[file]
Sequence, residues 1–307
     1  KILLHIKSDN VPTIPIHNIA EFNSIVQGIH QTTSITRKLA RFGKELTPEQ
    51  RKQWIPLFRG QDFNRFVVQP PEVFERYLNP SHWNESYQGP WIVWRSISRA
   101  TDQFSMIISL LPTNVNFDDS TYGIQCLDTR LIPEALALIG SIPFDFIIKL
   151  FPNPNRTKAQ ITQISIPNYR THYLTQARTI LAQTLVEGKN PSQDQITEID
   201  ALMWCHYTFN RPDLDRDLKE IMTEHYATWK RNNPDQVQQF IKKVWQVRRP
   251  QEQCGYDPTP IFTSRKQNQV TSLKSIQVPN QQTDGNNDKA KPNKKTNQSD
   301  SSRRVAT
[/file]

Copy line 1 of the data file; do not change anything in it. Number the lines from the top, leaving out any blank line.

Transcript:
Sequence, residues 1–307